The Attorney-General and Minister of Justice, Marietta Brew Appiah-Oppong, yesterday failed to give details to the media of a case before the International Court of Arbitration in The Hague in which Government was asked to pay an amount of $12 million to Balkan Energy Company (BEC) for abrogating the disputed Osagyefo Barge contract.
Ms Appiah-Oppong, who confirmed the ruling by the Court of Arbitration at a press briefing, declined to give details of the case, even though Mahama Ayariga, Minister of Information and Media Relations, said only $12 million was awarded against Ghana, but it was not judgment debt.
“I am bound by the rules of the arbitration not to disclose the details of the arbitration,” she told the media in a hurriedly organized press conference.
The International Court of Arbitration in The Hague, The Netherlands, on Tuesday pronounced judgment on the disputed Osagyefo Barge which has for years been idling away at Effasu in the Western Region, as a result of a long-running battle between the Government and Balkan Energy over certain contractual terms.
Although Balkan Energy was claiming almost $2 billion for the abrogation of the contract, the source said the court took cognizance of some rulings by Ghana’s Supreme Court on some cases to slash down the demand to “just” $12 million.
The New Crusading Guide newspaper, in a recent report, said Ghana was “down and out” as far as the case was concerned.
The Attorney-General, however, disagreed with the Crusading Guide report saying, “Ghana is not down and out.”
She said government would liaise with its external solicitors to take a second look at the judgment.
However, Mrs. Appiah-Oppong said the Osagyefo Barge still remained the property of Ghana.
Mahama Ayariga also said, “The New Crusading Guide story is not true and Ghanaians should not believe it.”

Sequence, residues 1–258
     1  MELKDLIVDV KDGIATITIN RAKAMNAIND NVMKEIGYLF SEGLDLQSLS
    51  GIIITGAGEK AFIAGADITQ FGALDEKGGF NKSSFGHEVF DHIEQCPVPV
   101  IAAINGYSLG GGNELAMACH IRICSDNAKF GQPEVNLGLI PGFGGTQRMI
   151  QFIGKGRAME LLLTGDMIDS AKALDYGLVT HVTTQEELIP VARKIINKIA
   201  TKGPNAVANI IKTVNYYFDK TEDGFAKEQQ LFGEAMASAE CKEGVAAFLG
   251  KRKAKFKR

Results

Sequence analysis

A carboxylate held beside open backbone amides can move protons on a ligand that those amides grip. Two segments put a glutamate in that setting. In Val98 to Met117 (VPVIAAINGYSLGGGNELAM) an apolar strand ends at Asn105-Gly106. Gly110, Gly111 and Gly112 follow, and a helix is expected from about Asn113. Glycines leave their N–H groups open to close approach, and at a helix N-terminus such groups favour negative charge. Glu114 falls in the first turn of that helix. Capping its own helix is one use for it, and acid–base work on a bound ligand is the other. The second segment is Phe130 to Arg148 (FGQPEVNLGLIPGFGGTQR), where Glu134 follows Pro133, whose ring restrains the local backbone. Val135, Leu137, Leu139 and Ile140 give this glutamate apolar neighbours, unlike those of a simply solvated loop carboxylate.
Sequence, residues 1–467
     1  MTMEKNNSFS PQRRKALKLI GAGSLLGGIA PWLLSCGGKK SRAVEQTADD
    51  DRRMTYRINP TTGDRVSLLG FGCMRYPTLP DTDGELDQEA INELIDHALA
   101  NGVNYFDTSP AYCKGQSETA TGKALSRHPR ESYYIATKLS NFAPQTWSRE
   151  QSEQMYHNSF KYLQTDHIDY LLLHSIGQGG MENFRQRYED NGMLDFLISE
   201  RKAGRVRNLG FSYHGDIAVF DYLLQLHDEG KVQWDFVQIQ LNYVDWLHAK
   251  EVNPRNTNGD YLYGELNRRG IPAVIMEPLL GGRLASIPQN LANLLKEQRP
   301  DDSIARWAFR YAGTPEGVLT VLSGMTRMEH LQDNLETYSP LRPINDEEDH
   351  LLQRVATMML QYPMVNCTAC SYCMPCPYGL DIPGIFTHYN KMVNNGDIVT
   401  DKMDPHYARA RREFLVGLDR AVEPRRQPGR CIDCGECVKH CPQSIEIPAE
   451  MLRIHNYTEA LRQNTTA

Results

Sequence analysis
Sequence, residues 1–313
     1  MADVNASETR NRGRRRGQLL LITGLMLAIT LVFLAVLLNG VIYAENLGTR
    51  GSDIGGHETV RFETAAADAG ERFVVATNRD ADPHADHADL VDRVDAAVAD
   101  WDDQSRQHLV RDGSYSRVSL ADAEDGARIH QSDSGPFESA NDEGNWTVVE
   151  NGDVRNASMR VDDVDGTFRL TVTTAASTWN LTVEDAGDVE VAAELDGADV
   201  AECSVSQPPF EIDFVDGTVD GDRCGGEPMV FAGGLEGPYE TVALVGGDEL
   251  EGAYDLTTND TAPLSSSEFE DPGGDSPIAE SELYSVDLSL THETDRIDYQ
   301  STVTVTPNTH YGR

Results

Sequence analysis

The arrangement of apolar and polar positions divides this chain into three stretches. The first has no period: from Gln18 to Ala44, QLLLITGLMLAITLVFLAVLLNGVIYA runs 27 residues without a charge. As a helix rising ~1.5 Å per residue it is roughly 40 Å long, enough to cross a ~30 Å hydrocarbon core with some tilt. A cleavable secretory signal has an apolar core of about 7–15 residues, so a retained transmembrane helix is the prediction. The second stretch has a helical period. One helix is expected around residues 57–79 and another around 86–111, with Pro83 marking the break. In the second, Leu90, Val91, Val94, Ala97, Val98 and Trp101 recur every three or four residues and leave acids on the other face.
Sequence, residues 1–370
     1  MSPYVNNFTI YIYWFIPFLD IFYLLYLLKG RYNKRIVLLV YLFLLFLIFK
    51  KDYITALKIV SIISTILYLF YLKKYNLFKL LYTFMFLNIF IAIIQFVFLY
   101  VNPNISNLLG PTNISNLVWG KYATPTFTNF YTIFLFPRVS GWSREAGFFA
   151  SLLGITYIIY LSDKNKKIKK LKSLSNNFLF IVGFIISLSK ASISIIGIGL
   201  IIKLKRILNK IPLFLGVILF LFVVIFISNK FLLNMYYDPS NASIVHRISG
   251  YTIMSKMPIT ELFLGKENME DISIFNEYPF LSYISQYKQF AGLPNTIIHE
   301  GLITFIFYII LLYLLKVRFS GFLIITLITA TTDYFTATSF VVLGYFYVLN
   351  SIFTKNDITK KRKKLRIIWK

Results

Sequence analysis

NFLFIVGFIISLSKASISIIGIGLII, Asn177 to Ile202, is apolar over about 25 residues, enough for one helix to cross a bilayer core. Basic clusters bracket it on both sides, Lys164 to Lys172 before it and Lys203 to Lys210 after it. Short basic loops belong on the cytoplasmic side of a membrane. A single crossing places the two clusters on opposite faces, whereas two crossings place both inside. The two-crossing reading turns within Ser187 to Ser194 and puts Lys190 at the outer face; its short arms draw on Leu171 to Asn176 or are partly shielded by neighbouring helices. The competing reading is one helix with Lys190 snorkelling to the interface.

He continued, “All we are saying is that Ghana is not down and out. The case is still at court and we will pursue it to the end. Ghana is not paying $12 million to BEC.”
However, in an interview with Citi FM on Eyewitness News in the evening, Mr. Ayariga said Ghana would still have paid the $12 million, even if it had not gone to court, because the money was the claim put up by Balkan for job done.
Meanwhile, the Attorney-General, in a statement released last night, said the Permanent Court of Arbitration in a substantial decision issued on Tuesday April 1, 2014, rejected claims against the Government of Ghana brought by project developer Balkan Energy (Ghana) Limited, an affiliate of Texas-based Balkan Energy Company.
Mrs. Appiah-Oppong, who signed the release, said Balkan had claimed damages totalling more than $3 billion based on a tolling fee provision in a long-term Power Purchase Agreement (PPA) entered into in 2007 between Balkan and the Ministry of Energy.
While upholding the validity of the PPA, she said the tribunal found that Balkan had failed to perform its obligations under the agreement which required Balkan to refurbish and commission the Osagyefo Power Barge, a-125 MW dual fire-powered barge and associated facilities at Effasu.
The Attorney-General said the tribunal also rejected Balkan’s claim for over $40 million in damages for “unjust enrichment.”
“The tribunal concluded that the evidence did not demonstrate that Balkan had conferred any demonstrable benefit on the Government.
“Instead, it awarded Balkan limited damages of $12 million for work performed and rejected the bulk of Balkan’s claim of alleged expenditures,” she said.
Mrs. Appiah-Oppong said finally, the tribunal held that the PPA was terminated and returned control of the Barge to the government.
“The government was further awarded $300,000 in damages, the maximum amount of damages that it could award the government under the PPA,” she said.
Mrs. Appiah-Oppong said the tribunal determined that the costs of the arbitration were to be shared between the parties.